Additional Protocol Should be Reciprocated with Concessions for Nation: MP
- October, 20, 2013 - 18:14
- Nuclear news
TEHRAN (Tasnim) – An Iranian legislator said the parliament does not accept restrictions that are inherent in the Additional Protocol, unless it is confident that the Iranian nation will be compensated for them.
“The final decision on adoption of the Additional Protocol lies with the Majlis (Iran’s legislature), and the Majlis will not accede to such restrictions if they do not secure concessions for the Iranian nation,” Ahmad Tavakolli told reporters here in Tehran on Sunday.
He said the parliament will make an appropriate decision about the case, provided that western countries are ready to recognize the advantages that follow the ratification of the protocol.
His comments came after Iran's deputy foreign minister and lead negotiator with the six major world powers said that any discussion on the level of Iran's uranium enrichment as well as its adoption of the Additional Protocol come in the final stage of its proposed plan offered in Geneva.
Iran’s Deputy Foreign Minister Abbas Araqchi told reporters on Tuesday evening that the issue of negotiations on the level of uranium enrichment and implementation of the Additional Protocol “is not discussed in the first step of Iran’s package of proposals, but constitutes part of its final stage.”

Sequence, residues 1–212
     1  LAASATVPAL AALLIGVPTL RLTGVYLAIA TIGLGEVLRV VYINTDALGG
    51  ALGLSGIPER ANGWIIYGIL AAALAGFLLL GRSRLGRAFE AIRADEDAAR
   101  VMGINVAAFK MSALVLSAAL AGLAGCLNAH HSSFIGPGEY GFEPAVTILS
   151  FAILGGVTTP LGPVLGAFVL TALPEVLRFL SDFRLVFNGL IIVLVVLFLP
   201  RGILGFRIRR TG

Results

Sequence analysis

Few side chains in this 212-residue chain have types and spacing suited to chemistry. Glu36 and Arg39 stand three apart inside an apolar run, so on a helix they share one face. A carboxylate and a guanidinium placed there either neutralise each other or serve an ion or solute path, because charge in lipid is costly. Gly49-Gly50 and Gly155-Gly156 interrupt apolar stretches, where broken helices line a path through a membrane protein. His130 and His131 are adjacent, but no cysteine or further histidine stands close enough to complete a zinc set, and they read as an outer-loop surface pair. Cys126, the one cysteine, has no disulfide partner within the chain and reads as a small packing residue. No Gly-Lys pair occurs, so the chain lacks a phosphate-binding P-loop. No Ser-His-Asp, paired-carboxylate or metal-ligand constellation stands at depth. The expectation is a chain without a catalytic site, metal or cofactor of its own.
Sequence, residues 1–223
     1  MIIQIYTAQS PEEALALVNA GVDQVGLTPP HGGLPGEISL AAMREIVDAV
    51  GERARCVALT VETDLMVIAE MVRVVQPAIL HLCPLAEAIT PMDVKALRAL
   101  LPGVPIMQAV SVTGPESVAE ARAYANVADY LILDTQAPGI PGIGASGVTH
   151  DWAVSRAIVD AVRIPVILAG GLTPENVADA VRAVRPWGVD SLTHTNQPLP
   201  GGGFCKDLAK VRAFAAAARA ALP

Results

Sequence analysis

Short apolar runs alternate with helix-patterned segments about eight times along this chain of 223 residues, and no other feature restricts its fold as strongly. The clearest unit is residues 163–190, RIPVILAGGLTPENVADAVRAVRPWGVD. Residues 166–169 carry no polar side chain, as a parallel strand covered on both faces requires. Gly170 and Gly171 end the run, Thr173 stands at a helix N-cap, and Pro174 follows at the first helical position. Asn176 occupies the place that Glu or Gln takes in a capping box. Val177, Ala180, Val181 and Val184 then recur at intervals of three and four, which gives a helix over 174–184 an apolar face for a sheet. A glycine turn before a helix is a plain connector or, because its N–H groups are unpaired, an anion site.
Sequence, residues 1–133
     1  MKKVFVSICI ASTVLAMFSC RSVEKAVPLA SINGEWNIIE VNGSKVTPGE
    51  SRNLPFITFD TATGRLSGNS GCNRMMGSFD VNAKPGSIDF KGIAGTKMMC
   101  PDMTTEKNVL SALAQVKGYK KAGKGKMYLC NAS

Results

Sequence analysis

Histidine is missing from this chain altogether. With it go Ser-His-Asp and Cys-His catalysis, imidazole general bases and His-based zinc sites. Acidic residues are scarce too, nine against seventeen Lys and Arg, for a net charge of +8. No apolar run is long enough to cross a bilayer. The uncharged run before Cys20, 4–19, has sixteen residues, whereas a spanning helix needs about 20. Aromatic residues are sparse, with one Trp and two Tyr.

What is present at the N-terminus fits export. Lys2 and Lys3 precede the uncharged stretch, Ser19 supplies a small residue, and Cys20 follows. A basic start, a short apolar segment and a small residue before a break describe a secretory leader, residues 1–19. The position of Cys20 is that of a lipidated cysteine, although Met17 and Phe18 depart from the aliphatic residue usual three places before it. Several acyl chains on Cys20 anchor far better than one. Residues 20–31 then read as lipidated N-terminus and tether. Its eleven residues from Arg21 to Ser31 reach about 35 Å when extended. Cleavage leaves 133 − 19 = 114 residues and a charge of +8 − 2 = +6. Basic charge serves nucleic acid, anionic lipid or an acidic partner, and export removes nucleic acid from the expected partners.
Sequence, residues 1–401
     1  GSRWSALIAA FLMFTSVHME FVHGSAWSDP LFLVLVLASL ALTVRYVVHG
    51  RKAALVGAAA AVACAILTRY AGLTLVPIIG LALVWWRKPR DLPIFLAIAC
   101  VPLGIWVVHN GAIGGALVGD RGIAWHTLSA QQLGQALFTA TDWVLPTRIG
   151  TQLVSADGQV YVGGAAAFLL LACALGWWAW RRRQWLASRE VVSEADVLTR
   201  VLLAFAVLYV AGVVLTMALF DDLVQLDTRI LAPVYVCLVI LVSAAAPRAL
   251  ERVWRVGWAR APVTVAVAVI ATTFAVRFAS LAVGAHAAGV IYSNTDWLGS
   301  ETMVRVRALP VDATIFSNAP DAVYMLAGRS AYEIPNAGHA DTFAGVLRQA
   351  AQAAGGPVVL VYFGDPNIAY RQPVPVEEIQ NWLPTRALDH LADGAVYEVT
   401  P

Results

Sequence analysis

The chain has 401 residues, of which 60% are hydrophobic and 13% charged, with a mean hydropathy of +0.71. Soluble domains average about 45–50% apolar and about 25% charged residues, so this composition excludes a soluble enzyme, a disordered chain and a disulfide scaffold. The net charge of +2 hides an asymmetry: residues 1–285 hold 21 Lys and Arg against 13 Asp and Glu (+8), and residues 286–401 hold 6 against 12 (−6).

Iran, a signatory of the NPT, voluntarily implemented the additional protocol between 2003 and 2005 but ceased to apply it after its nuclear case was sent to the United Nations Security Council. The country’s parliament did not ratify the document.
The Additional Protocol substantially expands the IAEA's ability to check nuclear facilities by providing the agency with authority to visit any facility, declared or not, to investigate questions about or inconsistencies in a state's nuclear declarations. States parties to the Non-Proliferation Treaty are not required to adopt an additional protocol, although the IAEA is urging all to do so.
Last month, US Secretary of State John Kerry said acceptance of the additional protocol by Tehran would help to resolve the decade-long dispute over its nuclear program.